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FCA adds drawdown value for money duties to IGCs

The FCA has proposed an extension to the oversight powers of independent governance committees to include value for money in drawdown investments.

Currently IGCs oversee the value for money of workplace personal pensions provided by firms like life insurers and some Sipp operators.

They act on behalf of consumers who are likely to be disengaged or less engaged with their pension savings.

In a consultation published today, the FCA says it wants to extend the remit of IGCs to include the value for money of their firm’s investment pathways solution in drawdown.

In January 2019, the FCA proposed changes to require drawdown providers to offer investment pathways to non-advised consumers entering drawdown.

At the time the watchdog said it intended to extend the remit of IGCs to investment pathways.

The FCA’s new proposal means IGCs would have to assess the costs and charges of pathway solutions relative to their quality, and the appropriateness of a pathway solution for consumers invested in it.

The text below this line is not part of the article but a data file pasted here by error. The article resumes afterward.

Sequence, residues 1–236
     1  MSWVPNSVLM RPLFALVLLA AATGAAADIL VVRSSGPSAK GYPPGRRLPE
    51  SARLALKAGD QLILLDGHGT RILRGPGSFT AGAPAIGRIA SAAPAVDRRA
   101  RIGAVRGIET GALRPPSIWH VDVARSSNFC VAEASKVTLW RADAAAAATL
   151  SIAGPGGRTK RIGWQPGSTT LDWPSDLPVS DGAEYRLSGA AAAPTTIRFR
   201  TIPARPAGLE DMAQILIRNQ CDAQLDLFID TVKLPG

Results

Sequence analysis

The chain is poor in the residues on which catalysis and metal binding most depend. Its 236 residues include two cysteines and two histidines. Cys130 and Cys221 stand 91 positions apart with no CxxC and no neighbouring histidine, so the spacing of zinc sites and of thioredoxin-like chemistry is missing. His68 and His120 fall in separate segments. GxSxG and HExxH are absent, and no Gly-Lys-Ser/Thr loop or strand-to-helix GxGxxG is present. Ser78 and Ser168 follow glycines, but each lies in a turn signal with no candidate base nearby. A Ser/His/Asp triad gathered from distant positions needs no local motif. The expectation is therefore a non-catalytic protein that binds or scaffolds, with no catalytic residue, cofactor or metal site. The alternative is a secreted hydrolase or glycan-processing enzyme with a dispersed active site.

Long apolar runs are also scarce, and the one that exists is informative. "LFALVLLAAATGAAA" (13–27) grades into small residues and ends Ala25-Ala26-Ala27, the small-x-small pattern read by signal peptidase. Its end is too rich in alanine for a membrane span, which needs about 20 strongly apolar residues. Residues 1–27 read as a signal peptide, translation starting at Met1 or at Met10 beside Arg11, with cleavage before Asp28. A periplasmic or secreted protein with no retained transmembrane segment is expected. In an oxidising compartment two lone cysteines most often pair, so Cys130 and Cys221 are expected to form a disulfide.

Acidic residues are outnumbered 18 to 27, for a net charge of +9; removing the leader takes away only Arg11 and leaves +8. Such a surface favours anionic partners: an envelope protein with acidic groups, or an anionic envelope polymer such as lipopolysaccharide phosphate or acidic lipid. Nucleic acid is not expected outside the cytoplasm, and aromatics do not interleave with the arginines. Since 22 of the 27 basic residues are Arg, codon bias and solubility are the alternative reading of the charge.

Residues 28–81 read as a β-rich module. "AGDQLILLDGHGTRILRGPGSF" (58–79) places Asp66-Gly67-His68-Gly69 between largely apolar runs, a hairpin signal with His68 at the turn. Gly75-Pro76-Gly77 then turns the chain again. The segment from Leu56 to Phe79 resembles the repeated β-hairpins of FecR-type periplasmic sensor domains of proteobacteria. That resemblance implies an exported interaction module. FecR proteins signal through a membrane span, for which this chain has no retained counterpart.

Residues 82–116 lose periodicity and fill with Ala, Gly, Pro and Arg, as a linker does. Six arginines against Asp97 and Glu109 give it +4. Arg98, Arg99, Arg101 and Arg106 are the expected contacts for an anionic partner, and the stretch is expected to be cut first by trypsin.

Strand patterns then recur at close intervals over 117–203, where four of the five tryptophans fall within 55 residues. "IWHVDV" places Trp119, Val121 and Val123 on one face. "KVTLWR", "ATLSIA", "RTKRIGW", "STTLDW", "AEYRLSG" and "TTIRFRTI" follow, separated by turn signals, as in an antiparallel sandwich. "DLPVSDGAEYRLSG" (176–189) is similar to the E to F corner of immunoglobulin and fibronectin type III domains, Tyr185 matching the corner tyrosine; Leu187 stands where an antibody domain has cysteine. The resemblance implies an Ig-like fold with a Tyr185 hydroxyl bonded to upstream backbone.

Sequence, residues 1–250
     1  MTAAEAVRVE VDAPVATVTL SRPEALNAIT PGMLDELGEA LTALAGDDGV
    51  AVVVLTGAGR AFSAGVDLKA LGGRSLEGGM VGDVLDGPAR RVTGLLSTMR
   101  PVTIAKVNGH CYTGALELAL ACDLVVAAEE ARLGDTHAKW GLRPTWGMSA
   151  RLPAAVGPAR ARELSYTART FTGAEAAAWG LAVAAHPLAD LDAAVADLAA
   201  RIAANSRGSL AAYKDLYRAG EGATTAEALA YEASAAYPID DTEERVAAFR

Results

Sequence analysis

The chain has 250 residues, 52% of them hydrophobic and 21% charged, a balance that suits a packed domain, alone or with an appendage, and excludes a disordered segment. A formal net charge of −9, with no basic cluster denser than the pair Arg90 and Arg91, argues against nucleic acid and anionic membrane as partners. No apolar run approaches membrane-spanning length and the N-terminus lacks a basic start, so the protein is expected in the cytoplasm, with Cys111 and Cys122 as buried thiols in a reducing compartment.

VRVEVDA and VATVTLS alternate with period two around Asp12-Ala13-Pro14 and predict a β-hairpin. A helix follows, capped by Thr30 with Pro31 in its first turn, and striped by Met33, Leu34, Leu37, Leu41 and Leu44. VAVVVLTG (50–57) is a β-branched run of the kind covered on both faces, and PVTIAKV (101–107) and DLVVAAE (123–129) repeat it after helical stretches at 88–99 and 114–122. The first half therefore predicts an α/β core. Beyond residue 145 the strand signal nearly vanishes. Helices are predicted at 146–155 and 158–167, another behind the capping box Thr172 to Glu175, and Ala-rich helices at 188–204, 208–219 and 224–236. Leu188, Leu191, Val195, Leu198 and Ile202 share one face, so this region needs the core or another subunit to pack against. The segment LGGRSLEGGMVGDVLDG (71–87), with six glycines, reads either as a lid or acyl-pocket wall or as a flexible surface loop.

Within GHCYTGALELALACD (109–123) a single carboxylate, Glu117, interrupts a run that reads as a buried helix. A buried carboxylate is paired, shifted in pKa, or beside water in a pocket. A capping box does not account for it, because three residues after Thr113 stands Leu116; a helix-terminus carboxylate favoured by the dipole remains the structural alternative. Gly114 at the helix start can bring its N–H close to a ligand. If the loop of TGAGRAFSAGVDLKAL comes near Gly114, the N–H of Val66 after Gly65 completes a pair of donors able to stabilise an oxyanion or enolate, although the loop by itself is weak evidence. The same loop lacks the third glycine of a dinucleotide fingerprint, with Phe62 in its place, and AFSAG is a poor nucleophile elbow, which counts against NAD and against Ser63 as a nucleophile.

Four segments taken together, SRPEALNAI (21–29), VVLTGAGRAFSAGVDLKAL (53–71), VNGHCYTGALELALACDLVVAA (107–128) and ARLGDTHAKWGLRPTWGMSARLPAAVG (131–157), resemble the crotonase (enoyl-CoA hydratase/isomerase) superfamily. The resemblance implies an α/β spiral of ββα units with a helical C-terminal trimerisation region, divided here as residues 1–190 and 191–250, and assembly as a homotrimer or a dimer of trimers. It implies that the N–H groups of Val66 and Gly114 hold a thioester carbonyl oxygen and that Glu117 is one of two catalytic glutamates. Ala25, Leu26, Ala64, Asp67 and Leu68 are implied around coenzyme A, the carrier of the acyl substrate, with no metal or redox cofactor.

As with workplace personal pensions, IGCs would have the power to raise any concerns directly with the boards of firms, which they would then have to respond to.

The FCA also wants IGCs to report on their firm’s policies on environmental, social and governance issues for the products they oversee.

It says the proposals are to help protect consumers from investments that may be unsuitable because of ESG risks including climate change and to make sure consumer concerns are taken into account.

To compliment this, the FCA also proposes related guidance for providers of pension products and investment-based life insurance products.

This proposed guidance sets out how these firms should consider factors such as ESG risks that can have an impact on financial returns when making investment decisions on behalf of consumers.

The regulator points out that its proposals address recommendations made by the Law Commission in its June 2017 report on pension funds and social investment.

The consultation runs until 15 July with the finalised rules expected in the fourth quarter of 2019.

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There is one comment at the moment, we would love to hear your opinion too.

  1. So if the customer does not get advice, then the provider selects the Drawdown Option and is presumably responsible for the outcome.

    Free advice and someone else takes responsibility.

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